those driving the overload vehicles.                                          
 MS. SANDVIC explained the zero fiscal note and the transfer of                
 employees from Department of Commerce and Economic Development as             
 a cost saving.  She gave a short discussion on the possible                   
 efficiencies in restructuring the program to improve all areas.               
 REPRESENTATIVE GREEN questioned the divergence of data from the               
 weigh in motion program and the weigh stations.  He asked if it was           
 because the weigh stations were not opened.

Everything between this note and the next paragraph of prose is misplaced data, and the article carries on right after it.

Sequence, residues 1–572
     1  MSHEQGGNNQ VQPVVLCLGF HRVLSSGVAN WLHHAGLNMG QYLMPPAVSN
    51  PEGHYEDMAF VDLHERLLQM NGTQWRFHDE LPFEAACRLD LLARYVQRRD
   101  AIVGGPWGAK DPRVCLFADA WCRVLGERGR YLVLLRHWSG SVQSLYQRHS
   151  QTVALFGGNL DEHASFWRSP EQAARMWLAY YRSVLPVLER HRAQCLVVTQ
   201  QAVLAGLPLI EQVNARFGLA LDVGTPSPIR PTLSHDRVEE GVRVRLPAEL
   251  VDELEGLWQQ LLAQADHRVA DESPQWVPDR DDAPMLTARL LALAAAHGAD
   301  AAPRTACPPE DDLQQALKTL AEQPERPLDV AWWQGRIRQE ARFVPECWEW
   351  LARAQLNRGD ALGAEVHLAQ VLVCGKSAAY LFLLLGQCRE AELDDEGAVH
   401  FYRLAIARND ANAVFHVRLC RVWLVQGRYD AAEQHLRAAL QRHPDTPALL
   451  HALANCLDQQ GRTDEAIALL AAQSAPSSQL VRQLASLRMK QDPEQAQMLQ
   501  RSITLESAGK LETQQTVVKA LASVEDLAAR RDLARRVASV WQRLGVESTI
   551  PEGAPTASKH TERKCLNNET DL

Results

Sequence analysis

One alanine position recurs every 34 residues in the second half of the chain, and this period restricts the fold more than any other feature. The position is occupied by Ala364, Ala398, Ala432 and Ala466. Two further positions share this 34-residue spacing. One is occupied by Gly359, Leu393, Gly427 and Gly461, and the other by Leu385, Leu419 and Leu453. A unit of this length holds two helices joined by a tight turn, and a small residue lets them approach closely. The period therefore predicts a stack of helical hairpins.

Number 601                                                                    
 MS. SANDVIC said most of his reasoning was correct, and she                   
 discussed the difference in the statistics from both the weigh in             
 motion program and the weigh station.  She said the weigh station             
 was not catching all of those identified by the weigh in motion               
 procedure, and she gave several reasons for this.                             
 REPRESENTATIVE GREEN wanted to know how the weigh in motion program           
 worked, and he drew from MS. SANDVIC, in a series of questions,               
 answers about the computerized system, measuring speed, determining           
 the distance between axles, and measuring the weight.  He wanted to           
 know whether DOT would be supplementing with additional personnel